Recently, a federal judge in the District of Columbia dismissed an Equal Employment Opportunity Commission (“EEOC”) lawsuit against Walmart on procedural grounds relating to the level of detail required in a complaint. This case serves as a reminder of the the necessary elements for a reasonable accommodation claim. In this case, two employees with hearing limitations alleged that the managers at the Walmart store where they worked failed to accommodate their disability. The two employees had sought sign language interpretation services at work and note-taking services at certain meetings, and did not believe that their requests were reasonably accommodated.
The federal judge explained that procedural rules require that a complaint contain enough details to at least state a possible violation of law. This means that specific facts must be alleged in the complaint relating to each element of the alleged violation. There are three elements at play in a reasonable accommodation claim: (1) that the employees have a qualifying disability, (2) that the employer was aware of the disability, (3) and that the employees would be able to perform the essential function of the job in question had the employer made a reasonable accommodation. In this case, the complaint did not mention the essential function of the employee’s jobs at all, nor did it explain how the employees would be able to perform that essential function with an accommodation. Because of this failure to include necessary facts in the pleadings, the judge dismissed the claim. It is possible that the agency can change its pleadings to include the necessary facts and re-file.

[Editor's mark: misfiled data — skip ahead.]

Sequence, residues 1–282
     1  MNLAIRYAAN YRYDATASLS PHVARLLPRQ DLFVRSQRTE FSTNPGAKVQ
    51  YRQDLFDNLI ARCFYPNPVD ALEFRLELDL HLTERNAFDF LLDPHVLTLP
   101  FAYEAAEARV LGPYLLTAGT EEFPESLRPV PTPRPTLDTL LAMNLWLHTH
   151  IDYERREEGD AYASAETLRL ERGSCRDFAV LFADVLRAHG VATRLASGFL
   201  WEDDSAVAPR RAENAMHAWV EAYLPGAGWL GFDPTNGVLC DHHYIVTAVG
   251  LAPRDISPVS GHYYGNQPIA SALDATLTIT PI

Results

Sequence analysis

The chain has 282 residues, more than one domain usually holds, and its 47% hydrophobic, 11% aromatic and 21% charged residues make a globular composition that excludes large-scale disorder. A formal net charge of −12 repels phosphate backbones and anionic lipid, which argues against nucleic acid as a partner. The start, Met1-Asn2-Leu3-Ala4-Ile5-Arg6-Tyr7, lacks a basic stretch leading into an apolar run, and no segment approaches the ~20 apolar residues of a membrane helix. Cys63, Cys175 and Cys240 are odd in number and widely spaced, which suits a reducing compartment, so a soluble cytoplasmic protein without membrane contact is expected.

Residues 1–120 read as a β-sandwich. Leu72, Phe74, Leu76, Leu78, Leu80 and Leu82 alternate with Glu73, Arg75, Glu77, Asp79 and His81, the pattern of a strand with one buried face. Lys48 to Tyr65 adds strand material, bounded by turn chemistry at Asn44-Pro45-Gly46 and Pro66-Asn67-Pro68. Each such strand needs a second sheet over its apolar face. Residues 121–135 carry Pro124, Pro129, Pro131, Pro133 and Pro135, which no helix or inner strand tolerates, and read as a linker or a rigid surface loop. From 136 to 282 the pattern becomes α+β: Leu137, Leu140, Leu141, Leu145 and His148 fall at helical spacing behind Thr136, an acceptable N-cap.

This case is a good reminder for employers to work with legal counsel to carefully scrutinize any complaint and determine if it contains sufficient detail to plead all necessary legal elements. If the complaint arguably does not contain sufficient detail, a motion to dismiss may be appropriate. The case is EEOC v. Wal Mart Stores, E., LP, 2018 BL 394303, D.D.C., No. 18-1314, 10/25/18.